01:07:04   is related to this desire to work on a large number of things simultaneously.

01:07:11   I may be wrong about that. It wouldn't be the first time that I have incorrectly evaluated

01:07:16   the process in my own brain, but I think they're connected. That when I am receiving a lot of

01:07:23   information, it constantly makes me want to bounce to a different video topic. Like,

01:07:28   I catch myself thinking this a lot where it's like, "You know what? No, this is the video now

01:07:32   that I should be working on to get out as soon as possible.

01:07:35   No, this is the one.

01:07:36   No, that one that you were working on before?

01:07:38   No, that's the one.

01:07:39   Like, bounce back, bounce back, bounce back.

01:07:41   I would be inclined to agree with this hypothesis.

01:07:44   Yeah, so here's the thing.

01:07:46   You said before

01:07:49   that you had this feeling

01:07:51   and this is where we're a little bit different

01:07:53   but you had this feeling that

01:07:55   the way that you were on Twitter

01:07:57   was allowing

01:07:59   external entities

01:08:01   to affect your internal emotional state.

01:08:06   I don't feel that way.

01:08:09   I've always been relatively--

01:08:13   - You have no emotion.

01:08:14   - Yeah, I was trying to think of a way to phrase this.

01:08:16   Like--

01:08:17   - That's the reason you can't affect something

01:08:19   that doesn't exist.

01:08:19   - Yeah, it's a bit like,

01:08:21   people tell me that my videos suck

01:08:23   or that they don't like the way that I talk in my videos

01:08:27   or that they hate my podcasts.

01:08:29   I get this kind of feedback all the time

01:08:31   And I just feel like, okay man, you know, whatever.

01:08:36   I just, I feel that my internal emotional state

01:08:38   is not easily moved by people I don't know.

01:08:42   Right, that's, but that's just like a wiring difference,

01:08:45   right, if I was wired differently, I wouldn't feel that way.

01:08:48   However, I think my version of this is that

01:08:52   listening to lots of podcasts that are about interesting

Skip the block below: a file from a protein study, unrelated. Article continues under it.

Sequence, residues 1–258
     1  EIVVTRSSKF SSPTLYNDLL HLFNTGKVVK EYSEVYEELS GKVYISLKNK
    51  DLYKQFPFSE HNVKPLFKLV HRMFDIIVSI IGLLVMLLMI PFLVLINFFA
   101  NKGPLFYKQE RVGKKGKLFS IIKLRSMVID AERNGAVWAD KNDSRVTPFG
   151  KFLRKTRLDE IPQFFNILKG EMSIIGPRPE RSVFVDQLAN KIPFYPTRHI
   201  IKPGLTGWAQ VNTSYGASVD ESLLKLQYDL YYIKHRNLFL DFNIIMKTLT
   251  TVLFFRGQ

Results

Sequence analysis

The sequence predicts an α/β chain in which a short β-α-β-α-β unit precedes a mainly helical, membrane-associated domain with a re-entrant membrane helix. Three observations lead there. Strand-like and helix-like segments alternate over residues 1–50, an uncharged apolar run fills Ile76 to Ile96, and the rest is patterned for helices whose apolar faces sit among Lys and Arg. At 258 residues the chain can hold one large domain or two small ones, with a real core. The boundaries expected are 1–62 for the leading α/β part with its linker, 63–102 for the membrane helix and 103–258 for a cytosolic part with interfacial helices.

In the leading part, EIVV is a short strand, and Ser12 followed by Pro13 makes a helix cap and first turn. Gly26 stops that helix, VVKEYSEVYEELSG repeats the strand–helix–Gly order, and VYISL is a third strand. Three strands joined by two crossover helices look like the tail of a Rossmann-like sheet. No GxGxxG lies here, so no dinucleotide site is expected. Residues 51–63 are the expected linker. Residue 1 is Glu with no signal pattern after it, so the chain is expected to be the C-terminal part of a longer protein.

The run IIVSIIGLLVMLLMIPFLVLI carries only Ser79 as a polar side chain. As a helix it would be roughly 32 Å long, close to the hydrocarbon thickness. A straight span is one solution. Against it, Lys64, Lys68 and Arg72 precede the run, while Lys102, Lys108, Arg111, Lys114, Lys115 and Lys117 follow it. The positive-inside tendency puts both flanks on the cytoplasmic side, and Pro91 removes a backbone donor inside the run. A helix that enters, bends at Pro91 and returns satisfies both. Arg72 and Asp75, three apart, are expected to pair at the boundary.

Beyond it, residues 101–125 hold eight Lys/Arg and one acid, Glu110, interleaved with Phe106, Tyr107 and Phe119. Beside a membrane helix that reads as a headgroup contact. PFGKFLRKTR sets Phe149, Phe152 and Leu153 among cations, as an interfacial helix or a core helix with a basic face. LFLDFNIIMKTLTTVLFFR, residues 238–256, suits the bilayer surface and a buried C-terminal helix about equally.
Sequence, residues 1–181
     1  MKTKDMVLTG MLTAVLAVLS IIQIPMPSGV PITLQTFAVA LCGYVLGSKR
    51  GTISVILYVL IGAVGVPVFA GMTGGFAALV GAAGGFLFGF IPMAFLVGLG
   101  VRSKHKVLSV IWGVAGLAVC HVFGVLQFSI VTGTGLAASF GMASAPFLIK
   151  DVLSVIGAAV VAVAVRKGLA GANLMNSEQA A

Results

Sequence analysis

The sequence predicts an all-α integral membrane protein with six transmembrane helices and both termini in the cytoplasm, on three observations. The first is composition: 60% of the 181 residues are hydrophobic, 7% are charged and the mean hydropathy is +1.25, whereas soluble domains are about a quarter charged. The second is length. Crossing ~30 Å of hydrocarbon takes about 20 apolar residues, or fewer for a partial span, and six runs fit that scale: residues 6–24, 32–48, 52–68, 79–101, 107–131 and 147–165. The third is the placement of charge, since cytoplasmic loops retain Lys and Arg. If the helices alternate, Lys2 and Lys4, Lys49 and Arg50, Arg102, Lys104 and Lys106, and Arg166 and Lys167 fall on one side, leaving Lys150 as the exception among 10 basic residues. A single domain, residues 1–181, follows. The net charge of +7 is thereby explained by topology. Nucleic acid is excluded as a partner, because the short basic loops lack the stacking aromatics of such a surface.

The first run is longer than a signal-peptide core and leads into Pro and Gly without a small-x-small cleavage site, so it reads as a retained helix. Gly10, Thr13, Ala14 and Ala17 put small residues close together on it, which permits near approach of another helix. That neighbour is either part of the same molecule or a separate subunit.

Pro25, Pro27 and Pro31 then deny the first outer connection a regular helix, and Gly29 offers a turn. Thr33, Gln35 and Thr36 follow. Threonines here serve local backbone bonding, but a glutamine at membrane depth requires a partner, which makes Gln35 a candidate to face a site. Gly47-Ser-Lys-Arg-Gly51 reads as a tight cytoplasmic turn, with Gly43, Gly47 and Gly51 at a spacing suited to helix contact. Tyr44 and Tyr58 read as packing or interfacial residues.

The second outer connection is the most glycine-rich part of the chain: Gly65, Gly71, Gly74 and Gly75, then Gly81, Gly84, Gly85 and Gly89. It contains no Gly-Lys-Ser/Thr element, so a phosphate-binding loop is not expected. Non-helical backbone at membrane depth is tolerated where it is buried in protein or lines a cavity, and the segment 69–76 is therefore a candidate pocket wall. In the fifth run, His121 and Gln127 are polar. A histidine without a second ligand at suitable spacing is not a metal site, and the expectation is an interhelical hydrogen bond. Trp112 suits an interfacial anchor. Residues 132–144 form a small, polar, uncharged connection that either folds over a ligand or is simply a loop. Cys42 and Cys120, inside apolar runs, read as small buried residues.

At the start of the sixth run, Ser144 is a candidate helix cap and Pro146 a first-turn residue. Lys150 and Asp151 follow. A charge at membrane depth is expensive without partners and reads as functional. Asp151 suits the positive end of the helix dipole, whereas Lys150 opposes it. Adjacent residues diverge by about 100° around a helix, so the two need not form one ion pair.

01:08:59   educational things, or reading lots of articles on various topics, and jumping between discussion threads,

01:09:07   arguing about interesting debates.

01:09:09   I think that has the effect of shifting not my internal emotional state, but my internal focus state.

01:09:22   Like it keeps... like if my mind is casting a beam of light on the thing that I am currently working on,

01:09:29   all of these inputs keep knocking the light to somewhere else.

01:09:33   And so the light itself hasn't changed in brightness,

01:09:36   but it just keeps moving from spot to spot more than it should.

01:09:40   Now, I may be wrong about this, but this is one of the reasons why I'm trying this project.

01:09:47   This is one of the reasons this is happening.

01:09:49   I am inclined to agree with that notion because I think what it is is you are receiving too

01:09:56   much inspiration.

01:09:57   I think that's the problem.

01:10:00   As you're taking in all this stuff, more and more things are informing new ideas of

01:10:06   things to work on.

01:10:08   So the more and more stuff that you consume, the more ideas you have.

01:10:14   And that's why you end up with like 40 scripts on the go.

01:10:18   that may very well be the case.

01:10:20   And at the very least, when I think about

01:10:24   at some point I'm going to be dialing back up the inputs

01:10:28   I'm already trying to think about what

01:10:32   what ways of dialing up would be good, and what ways of

01:10:36   dialing up would be bad. And I think probably the clearest conclusion

01:10:40   that I have come to is that I should

01:10:44   should, just like I don't watch YouTube videos in the educational field and I

01:10:49   haven't for a long time and I think that that's a good decision,

01:10:52   like that that has definitely been a good decision, I think the next step of

01:10:56   that is with podcasts that this huge

01:11:00   collection of educational podcasts on interesting

01:11:04   topics, I think I have to get rid of all of them.

01:11:07   Oh okay, yeah definitely. Right, that when I go back

01:11:11   to saying where do I want podcasts in my life, you know, what kind of podcast do I

01:11:15   want to listen to? I have loved, I will always love spoken

01:11:20   word in all of its forms. This is just something that I really like.

01:11:23   I'm not going to remove this from my life because it's a thing that I like.

01:11:27   But this one genre, I think, because of my